Planning for Snacks

Revised by Janis G. Hunter, HGIC Nutrition Specialist, 11/12. Originally prepared by Janis G. Hunter, HGIC Nutrition Specialist, and Katherine L. Cason, Professor, Department of Food, Nutrition and Packaging Sciences, Clemson University, 12/09.

HGIC 4203

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What is a Snack?

A snack is a food and/or beverage consumed between meals when you are hungry or bored. It should be:

  • nutrient-rich and planned as part of your daily menu.
  • satisfying enough to “tide” you over until the next meal without spoiling your appetite.
  • smaller than a regular meal.
  • quick, convenient and easy to make.
  • tasty and eye-appealing.
  • low in fat (total, saturated and trans fat), sodium (salt), cholesterol, added sugars and alcohol.

Choose Snacks From MyPlate

A smart snack is a mini-meal that helps provide nutrients and food energy. It includes healthy choices from the five food groups in MyPlate, the United States Department of Agriculture (USDA)’s latest food guide. The food groups are grains, vegetables, fruits, protein foods and dairy products. Consume a variety of foods and beverages within each food group. Choose nutrient-rich items to get the most nutrition out of calories consumed.

A few examples of smart snacks are whole-grain breads and cereals, fresh vegetables and fruits, low-fat dairy and lean protein foods. A smart snack includes items from two of these food groups. For example, bean dip spread thin on crackers or a piece of fruit and low-fat milk.

For more information on the five food groups, go to www.choosemyplate.gov.

Keep Healthy Snacks on Hand

Planned snacks help you stay committed to a healthy diet. They also help to balance out the menu, especially if you are planning for children. Make snacking creative, interesting and fun by consuming an array of healthful foods and beverages in moderation.

Keep a variety of tasty, nutritious, ready-to-eat snacks available at home, at work, and anywhere else you need to take the edge off hunger. This will help eliminate unhealthy eating from vending machines, fast food restaurants, convenience stores, and a poorly-stocked home kitchen.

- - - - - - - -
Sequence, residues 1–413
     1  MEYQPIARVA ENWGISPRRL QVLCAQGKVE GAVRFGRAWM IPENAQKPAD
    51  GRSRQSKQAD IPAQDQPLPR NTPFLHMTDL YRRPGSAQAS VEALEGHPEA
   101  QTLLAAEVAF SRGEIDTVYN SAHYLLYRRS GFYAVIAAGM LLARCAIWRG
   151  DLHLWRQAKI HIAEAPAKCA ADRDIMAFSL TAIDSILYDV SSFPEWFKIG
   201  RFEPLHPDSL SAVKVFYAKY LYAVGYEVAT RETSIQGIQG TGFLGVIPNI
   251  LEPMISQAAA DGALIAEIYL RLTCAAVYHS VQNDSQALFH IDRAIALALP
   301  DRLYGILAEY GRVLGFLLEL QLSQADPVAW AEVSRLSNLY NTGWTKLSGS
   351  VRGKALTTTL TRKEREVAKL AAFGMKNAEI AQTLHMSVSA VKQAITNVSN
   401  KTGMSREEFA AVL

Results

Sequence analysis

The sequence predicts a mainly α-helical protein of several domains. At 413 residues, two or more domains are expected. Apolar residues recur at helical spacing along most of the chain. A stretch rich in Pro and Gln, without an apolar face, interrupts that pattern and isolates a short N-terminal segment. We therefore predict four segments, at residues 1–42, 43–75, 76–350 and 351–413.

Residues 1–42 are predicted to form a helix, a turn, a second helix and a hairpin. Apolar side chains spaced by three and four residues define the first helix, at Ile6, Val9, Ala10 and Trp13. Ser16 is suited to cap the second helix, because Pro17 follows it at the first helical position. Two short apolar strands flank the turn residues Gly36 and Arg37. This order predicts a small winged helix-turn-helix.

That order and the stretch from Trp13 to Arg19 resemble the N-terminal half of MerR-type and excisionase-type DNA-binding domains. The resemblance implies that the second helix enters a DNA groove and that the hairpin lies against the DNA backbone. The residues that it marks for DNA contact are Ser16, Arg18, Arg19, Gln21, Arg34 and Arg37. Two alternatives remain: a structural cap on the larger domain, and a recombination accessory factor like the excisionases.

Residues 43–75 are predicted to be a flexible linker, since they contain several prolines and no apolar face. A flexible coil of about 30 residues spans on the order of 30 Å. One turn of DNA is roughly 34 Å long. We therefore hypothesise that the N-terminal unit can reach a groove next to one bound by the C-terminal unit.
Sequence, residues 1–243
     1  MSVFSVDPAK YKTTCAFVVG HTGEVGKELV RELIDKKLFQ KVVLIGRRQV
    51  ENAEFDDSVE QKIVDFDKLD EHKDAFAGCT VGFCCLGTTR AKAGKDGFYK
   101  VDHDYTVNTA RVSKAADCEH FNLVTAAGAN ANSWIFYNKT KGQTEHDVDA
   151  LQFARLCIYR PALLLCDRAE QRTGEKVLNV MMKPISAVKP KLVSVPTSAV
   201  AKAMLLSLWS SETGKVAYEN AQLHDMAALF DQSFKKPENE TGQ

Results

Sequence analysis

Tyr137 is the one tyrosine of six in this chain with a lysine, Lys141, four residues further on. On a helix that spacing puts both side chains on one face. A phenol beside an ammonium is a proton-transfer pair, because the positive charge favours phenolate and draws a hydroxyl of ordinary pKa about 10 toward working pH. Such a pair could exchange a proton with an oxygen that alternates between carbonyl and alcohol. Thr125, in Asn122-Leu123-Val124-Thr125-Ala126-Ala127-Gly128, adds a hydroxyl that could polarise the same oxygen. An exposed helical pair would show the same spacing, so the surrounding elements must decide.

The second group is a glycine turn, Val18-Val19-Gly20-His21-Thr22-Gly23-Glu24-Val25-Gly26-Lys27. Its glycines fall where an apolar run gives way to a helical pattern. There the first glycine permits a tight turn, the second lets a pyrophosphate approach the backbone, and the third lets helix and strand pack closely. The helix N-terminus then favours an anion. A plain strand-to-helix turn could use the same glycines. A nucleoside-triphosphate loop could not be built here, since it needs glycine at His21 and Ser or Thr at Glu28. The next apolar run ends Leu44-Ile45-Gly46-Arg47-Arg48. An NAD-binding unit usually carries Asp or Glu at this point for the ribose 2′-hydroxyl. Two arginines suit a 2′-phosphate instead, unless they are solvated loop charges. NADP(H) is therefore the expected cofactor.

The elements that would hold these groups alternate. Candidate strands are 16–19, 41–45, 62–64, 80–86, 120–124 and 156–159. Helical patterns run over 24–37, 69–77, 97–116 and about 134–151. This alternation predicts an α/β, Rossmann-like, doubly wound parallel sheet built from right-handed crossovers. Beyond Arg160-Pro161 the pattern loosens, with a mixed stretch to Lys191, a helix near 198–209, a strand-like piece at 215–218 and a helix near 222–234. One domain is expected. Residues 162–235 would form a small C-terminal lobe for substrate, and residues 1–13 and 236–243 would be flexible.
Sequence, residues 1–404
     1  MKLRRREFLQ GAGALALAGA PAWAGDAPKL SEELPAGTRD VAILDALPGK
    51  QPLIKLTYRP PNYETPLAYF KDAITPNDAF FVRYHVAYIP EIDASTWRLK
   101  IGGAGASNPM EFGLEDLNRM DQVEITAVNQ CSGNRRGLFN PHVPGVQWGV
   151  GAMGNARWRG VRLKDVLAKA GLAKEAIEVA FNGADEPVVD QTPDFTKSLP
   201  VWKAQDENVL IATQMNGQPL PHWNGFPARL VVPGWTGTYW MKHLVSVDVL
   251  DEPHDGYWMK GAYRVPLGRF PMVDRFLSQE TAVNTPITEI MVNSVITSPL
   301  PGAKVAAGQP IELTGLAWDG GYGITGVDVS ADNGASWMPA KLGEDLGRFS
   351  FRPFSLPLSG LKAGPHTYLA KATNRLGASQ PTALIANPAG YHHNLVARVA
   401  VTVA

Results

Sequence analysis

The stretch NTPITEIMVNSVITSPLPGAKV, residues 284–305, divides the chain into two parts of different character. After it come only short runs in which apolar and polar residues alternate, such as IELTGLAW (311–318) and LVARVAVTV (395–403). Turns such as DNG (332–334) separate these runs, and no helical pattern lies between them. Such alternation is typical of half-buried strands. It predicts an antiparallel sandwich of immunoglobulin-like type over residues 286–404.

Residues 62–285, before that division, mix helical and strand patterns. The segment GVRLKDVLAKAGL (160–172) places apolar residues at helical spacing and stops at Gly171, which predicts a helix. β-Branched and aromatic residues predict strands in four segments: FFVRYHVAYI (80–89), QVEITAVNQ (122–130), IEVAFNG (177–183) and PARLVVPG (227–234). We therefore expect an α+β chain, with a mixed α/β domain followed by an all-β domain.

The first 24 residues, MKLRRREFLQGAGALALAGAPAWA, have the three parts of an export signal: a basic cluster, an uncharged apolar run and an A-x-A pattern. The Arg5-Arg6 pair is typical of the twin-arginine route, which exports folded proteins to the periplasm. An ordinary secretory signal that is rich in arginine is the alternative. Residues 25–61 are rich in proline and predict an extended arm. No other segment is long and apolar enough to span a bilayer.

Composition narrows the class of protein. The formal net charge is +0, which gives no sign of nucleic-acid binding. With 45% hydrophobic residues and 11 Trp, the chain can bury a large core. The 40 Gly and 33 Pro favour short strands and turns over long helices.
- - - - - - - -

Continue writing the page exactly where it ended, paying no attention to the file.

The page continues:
Stock your shelves, refrigerator and freezer with your favorite healthy snacks, such as cut-up raw vegetables (e.g. broccoli, cauliflower, carrots), favorite breads, muffins, bagels, pretzels, graham crackers, low-fat cheeses, string cheese, yogurt, pudding, fruit, low-fat ready-to-eat meats, 100% fruit juices and 100% vegetable juices. If you have children, stock a snack drawer in the refrigerator that they can reach and help themselves.

Do not buy tempting, high-calorie foods and fried foods, which are filled with fat and calories. This includes snacks such as French fries, burgers, regular soft drinks, doughnuts, cookies, candy bars, cakes and other prepackaged sweets.

When you buy items in bulk or occasionally splurge on some cookies, chips or ice cream, you should store them in an inconvenient place or out of sight (e.g. on a high shelf or in the back of the freezer).

Know When to Snack

A healthy snack satisfies between-meal hunger. It allows you to go to lunch or dinner without being overly hungry and able to make healthy choices.

Enjoy a snack two to three hours before a meal so that your appetite isn’t ruined for the next main meal. Eat slowly to savor the flavor of the food.

Spread your snacks throughout the day. Going hungry for long periods may cause you to crave high carbohydrate foods (e.g. cookies and chips) that are often full of refined sugars, have too much fat and are low in fiber. Try not to do all your snacking in the evening.

Your child learns snack habits by watching you, so be a good role model. Do not snack “mindlessly” while watching TV or doing another activity. If you are bored, frustrated or stressed, find something else to do (e.g. take a walk, do your nails, read a book or play with your kids). Be aware that social situations (e.g. going to a party, dating or entertaining friends and family) also can trigger eating, even when you’re not hungry.

Take a little time to talk to your child or do something fun with them. Sometimes children say they’re hungry when they really want attention. Don’t offer your child a snack to quiet tears, calm them or reward behavior. That can lead to emotional overeating later in life.

Remember to brush your teeth after snacking, especially after eating sugary and starchy foods, such as bread, crackers and sweet foods. Snacks that include milk or cheese help prevent tooth decay, while fruits and vegetables keep teeth and gums healthy.

Practice Portion Control

Eating a small portion of food can take away hunger pangs between meals without spoiling your appetite for the next meal. Pay attention to portion size, because many people eat enough for several servings. Examples of appropriate portion sizes are four to six crackers, one regular size muffin or a piece of fruit.

To limit the amount of food or drink consumed:

  • Choose a small-size snack, and avoid “super,” “mega” and other oversized items.